Also, when the words “Love-hate” are used as they are here, hated is being used as an idiom (the Hebrews loved using these). It is used opposite to love to express a lesser degree of love, not literal hatred. You can see a similar usage in Genesis 29:30. Jesus uses the same idiom in Luke 14:26. We’re not actually supposed to hate our parents, but compared to our love for God, the love for our parents is like hate.
So instead of teaching that God hated a baby before he had done anything, this passage actually teaches that God chose specific nations for specific things. That is a huge difference.
14-16: What about this? Was God unrighteous when He chose Jacob over Esau? Esau was the eldest and that meant that the birthright of Isaac was naturally his. But God chose Jacob to be the one to catty on the line of Israel. Paul asserts that of course God is not unrighteous in this decision.
In verse 15 Paul is citing Exodus 33:19. Let’s remember that Paul is a Jewish Rabbi. Jews memorized large portions of the Old Testament. He had an amazing command of knowledge of these ancient texts. Would he rip the text out of context in order to prove a point about individual unconditional election? No! The context here is not about who goes to heaven and who does not. In context, Moses has asked God to show him His glory. God says it is because of His mercy that He has decided to show Himself to Moses, not due to anything Moses did. So Paul’s point is God does not owe us mercy based on what we do (will or run). The basis of God’s choice is not on the people’s conduct, but on His compassion. The “IT” in verse 16 is not individual salvation; the “IT” refers to God’s choice of Israel: Corporate/national election. Individual election has not appeared in this section.
17-18: Is this speaking of eternal salvation? If it is, it is terrible! Are there people whom God hardens leaving them nothing they can do about it? Has God chosen them for utilitarian destruction? Certainly God has the power to do this, but does this sound like the God of the Bible? Ezekiel 33:11 says, “‘As I live,’ says the Lord GOD, ‘I have no pleasure in the death of the wicked, but that the wicked turn from his way and live.’” 2 Peter 3:9 says, “The Lord is not slack concerning His promise, as some count slackness, but is longsuffering toward us, not willing that any should perish but that all should come to repentance.” And 1 Timothy 2:4 says, “[God] desires all men to be saved and to come to the knowledge of the truth.” This is what God wants. He wants everyone to be saved because He loves us. But He does not force us to love Him.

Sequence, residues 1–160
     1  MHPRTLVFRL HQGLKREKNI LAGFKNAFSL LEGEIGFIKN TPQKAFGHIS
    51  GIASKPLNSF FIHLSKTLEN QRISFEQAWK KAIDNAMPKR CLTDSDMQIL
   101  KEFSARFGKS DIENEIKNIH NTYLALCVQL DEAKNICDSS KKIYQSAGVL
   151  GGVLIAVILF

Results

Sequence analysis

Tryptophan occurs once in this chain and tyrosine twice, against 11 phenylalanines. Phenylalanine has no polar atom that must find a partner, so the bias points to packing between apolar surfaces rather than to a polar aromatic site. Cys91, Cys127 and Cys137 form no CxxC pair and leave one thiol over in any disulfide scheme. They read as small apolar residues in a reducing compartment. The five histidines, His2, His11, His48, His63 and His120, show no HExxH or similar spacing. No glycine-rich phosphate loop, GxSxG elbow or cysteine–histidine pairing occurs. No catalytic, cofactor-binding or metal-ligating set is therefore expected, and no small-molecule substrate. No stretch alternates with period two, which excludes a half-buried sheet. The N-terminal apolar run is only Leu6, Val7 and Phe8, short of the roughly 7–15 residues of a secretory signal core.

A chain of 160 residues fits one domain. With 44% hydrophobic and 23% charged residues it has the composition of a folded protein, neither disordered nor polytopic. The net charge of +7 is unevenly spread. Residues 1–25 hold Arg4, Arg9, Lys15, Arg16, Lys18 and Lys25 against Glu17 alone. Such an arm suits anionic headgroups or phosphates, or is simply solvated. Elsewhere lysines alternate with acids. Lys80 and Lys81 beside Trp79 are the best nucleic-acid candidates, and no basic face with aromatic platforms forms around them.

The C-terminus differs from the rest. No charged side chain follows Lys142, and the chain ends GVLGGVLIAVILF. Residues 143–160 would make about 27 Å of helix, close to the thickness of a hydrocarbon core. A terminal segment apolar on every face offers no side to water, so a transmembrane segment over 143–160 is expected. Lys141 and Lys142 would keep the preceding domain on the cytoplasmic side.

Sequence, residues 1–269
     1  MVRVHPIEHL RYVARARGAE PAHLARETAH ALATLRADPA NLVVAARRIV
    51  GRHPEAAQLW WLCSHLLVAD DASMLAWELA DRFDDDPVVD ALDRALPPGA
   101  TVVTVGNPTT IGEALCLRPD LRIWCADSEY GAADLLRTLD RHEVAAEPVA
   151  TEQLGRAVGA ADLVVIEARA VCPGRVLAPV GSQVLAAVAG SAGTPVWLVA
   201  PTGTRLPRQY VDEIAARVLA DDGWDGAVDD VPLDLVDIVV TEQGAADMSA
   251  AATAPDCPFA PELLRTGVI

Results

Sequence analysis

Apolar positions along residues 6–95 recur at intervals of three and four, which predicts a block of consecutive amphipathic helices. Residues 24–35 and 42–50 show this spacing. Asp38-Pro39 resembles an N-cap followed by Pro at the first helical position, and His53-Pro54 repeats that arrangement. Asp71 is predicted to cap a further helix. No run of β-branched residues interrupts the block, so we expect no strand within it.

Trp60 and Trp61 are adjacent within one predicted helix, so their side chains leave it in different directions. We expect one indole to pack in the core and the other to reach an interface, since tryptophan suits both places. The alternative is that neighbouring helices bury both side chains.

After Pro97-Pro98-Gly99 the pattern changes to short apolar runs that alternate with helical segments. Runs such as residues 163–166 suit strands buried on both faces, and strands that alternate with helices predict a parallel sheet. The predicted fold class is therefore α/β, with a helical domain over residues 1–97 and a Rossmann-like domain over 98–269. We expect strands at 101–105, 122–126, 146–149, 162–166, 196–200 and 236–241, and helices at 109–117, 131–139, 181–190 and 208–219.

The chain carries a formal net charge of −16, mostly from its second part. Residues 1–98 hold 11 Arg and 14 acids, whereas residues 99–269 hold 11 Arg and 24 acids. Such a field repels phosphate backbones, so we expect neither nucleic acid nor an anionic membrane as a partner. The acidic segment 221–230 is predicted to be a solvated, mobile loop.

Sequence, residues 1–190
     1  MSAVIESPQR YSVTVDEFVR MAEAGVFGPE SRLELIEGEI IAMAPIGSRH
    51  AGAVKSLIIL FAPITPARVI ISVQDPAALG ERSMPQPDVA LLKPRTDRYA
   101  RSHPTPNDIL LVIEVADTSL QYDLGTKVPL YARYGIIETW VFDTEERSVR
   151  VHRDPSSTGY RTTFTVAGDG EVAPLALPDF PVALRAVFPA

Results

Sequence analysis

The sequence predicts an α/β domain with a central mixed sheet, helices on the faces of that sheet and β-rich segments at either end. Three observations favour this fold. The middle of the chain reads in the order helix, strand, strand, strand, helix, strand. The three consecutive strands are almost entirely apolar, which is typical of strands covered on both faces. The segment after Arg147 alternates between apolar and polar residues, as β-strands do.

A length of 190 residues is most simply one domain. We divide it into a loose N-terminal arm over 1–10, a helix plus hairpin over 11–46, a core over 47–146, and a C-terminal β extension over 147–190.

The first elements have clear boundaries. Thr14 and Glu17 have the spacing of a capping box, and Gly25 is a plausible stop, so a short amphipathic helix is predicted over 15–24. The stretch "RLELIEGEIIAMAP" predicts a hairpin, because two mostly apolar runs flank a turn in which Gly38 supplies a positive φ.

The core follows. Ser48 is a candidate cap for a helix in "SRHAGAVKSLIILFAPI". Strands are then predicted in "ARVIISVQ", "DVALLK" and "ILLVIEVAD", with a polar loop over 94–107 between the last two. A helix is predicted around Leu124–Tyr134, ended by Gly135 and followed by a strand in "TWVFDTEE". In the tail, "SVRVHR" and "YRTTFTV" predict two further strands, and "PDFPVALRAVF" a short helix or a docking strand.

Concerning Pharaoh and Moses and God hardening Pharaoh’s heart, we must remember that Pharaoh was never a believer and had already hardened his heart toward God. God in displaying His grace to Pharaoh was the occasion for Pharaoh to harden his heart. Much like we say prison hardens a criminal, we know it is actually the criminal hardening himself; Pharaoh likewise was hardened because of God’s grace. Also the Hebrew word for “harden” is more often translated “to give strength, to fortify.” So in Exodus 14:17, God may have only strengthened the resolve of what the Egyptians had already chosen to do. God never decided to send Pharaoh to hell based on an arbitrary decree. Pharaoh went to hell because of his sins.
This is still speaking of CORPORATE/NATIONAL ELECTION.
19-22: Paul is still speaking of national election here. He alludes to another passage in the Old Testament in Jeremiah 18:3-11. The potter is God and the clay is the nation of Israel.
22-23: So as God chose the people of Israel as His people, He now chooses believers (spiritual Israel) as His people that He will save. On the other hand, God prepares those who reject Him for an eternal punishment. The translation of the words, “What if,” is a little misleading. Paul is not asking a hypothetical question. He is making an assertion. Notice that God does not display His wrath hurriedly. He endures the vessels of wrath with much patience. The fact is we were all vessels of wrath at one time, until we came to Jesus by faith.
24: God calls people to be a part of His spiritual kingdom not only from the Jews, but also from the Gentiles. In the early church many were excluding gentiles because they weren’t Jews. The apostles had to deal with this, among many other issues they dealt with.
25-29: Paul quotes the Old Tesament to support this point (that He elects those who believe) and to tell what the ramifications of Israel’s rejection of God are.
30-33: This is the real kicker. Verse 30 is Paul’s summary of all He had just said. Paul starts by saying, "What shall we say then?" which signals he is about to summarize his whole point. Paul's ultimate point, therefore, is gentiles who have not pursued righteousness, as the Jews had, attained righteousness by FAITH. Whatever else Romans 9 means; there is certainly no reason to read a double predestenarian viewpoint into it, especially in light of verses 30-33.